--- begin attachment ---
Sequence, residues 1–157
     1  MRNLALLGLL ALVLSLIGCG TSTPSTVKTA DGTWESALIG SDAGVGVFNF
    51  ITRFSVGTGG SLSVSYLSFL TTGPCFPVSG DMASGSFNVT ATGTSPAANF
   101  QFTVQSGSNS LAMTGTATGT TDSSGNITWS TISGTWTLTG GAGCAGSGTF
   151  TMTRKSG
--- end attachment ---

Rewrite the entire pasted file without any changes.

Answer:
Sequence, residues 1–157
     1  MRNLALLGLL ALVLSLIGCG TSTPSTVKTA DGTWESALIG SDAGVGVFNF
    51  ITRFSVGTGG SLSVSYLSFL TTGPCFPVSG DMASGSFNVT ATGTSPAANF
   101  QFTVQSGSNS LAMTGTATGT TDSSGNITWS TISGTWTLTG GAGCAGSGTF
   151  TMTRKSG